Chris ClimeWhen you’ve mastered Caesar Salad by the age of nine, where else is there to go but into a culinary career? Christopher Clime followed his destiny, and he now finds himself perched at the top of one of the hottest restaurants in town. As Chef de Cuisine at Acadiana, the newest sister restaurant of the popular DC Coast, TenPenh, and Ceiba restaurants in Washington, Clime brings his version of Louisiana-inspired cuisine to the nation’s capital, which he calls home. And make no mistake: home is an important word to Christopher Clime. Clime had a colorful childhood in northern Virginia and in Puerto Rico, where his father was Commanding Officer at Roosevelt Roads Naval Station. No matter where they lived, the Climes were always entertaining – their guests often high-ranking dignitaries – and for the Clime family, entertaining was always a family affair. Graduating at 17, Clime headed straight for Providence, Rhode Island, and Johnson & Wales University. Following his New England training, Clime stayed focused on the South. Post-graduation opportunities were waiting in Charleston, South Carolina, at the very exclusive five-diamond Woodlands Resort, where Clime served as chef de partie, a job he describes as “basically, a jack-of-all-trades.” His six years in Charleston gave him a solid grounding in the techniques, traditions, and flavors of southern cooking. It also brought him to the attention of a major corporation that brings him to Augusta, Georgia as a private chef for its executives and guests at The Masters Golf Tournament, an opportunity he still looks forward to every year, serving lavish banquets often based on Low Country cuisine. But while things were going well and he was receiving rave reviews in Charleston, Christopher Clime’s future suddenly had to be put on hold; his mother was diagnosed with breast cancer, and had him return immediately home to Virgina. Needing a distraction at one point, he brought his application to Jeff Tunks at DC Coast, and was immediately hired as a tournant (“basically, another jack-of-all-trades position, a kind of substitute Sous Chef”), which suited Clime’s schedule well. After a year of constant dedication to his mother’s care, Clime was ready to take on more responsibility. Clime forged ahead at DC Coast and then at TenPenh, which provided a creative outlet for this young man during a trying time in his life. All the while, Tunks and his team were already planning the third jewel in their crown, and Clime was the logical candidate for Chef de Cuisine. Clime’s youth in Puerto Rico had imbued him with an inherent sense of Latin cuisine. Two years later, Tunks and his partners were set to open Acadiana, a fourth restaurant that would draw its inspiration from the rich culinary tradition of southern Louisiana. Tunks had spent four years in New Orleans, and knew just what he wanted the restaurant to be. He also knew just what he was looking for in a Chef de Cuisine, and again tapped Christopher Clime. Clime explains that authentic Louisiana cooking is what they serve at Acadiana, but with a contemporary, urban approach for their Washington clientele. “We peel the shrimp for you, but flavor it with the same delicate combination of Creole seasonings we found again and again in rural Louisiana – paprika, garlic powder, onion powder, thyme, oregano, and cayenne pepper.” Acadiana is enjoying unprecedented popularity, and already, in November 2006, Christopher Clime has been named one of Washington’s Top Ten Hottest Chefs by DC Style magazine. Has it gone to his head? Not at all: he’s found the ideal balance – his beloved southern cooking, right here at home.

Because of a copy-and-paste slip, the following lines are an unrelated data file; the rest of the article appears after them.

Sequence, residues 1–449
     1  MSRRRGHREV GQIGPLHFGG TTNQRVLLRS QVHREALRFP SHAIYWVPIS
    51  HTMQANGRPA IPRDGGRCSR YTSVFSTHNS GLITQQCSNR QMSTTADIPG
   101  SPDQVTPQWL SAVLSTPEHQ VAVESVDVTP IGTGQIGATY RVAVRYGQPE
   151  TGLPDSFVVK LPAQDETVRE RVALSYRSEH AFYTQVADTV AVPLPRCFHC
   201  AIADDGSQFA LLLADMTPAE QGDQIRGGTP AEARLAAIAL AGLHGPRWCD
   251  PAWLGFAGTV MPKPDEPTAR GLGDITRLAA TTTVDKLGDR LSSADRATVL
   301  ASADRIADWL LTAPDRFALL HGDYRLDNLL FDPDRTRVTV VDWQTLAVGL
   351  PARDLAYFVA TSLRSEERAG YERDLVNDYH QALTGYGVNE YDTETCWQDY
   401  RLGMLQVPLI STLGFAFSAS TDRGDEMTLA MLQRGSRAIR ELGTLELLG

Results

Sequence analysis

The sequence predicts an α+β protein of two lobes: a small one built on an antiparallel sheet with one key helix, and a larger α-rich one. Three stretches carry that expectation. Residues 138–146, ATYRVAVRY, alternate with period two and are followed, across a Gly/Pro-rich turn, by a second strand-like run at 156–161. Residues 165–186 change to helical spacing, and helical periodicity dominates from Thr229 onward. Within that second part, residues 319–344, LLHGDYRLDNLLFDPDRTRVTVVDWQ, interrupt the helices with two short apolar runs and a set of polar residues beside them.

Chris Clime: Hello my name is Chris Clime I am the Chef de Cuisine at Acadiana Restaurant. Right now we are going show you how to make shrimp stock for New Orleans Style Barbeque Shrimp. First we are going to take our pot; we are going to turn the flame on high. We want to add a little bit of butter, we call as one knob of butter. As we add the actually butter to the pan, well let it until the butter kind of melts. Were then going to add the shells and we are going to then add the rest of our ingredients. Okay, we are melting the butter right now, the butter is melted. Once the butter is melted, okay, still got a little bit of heat to it but not too hot. You dont really want to brown the butter. We are going to add our shrimp shells and when you hear the applause that means that you got a good heat to it. The applause is that sound right there, when the actually shrimp shells are cooking. So, we are going to roast the shells a little bit, while they are roasting we are going to also add some of our aromatics.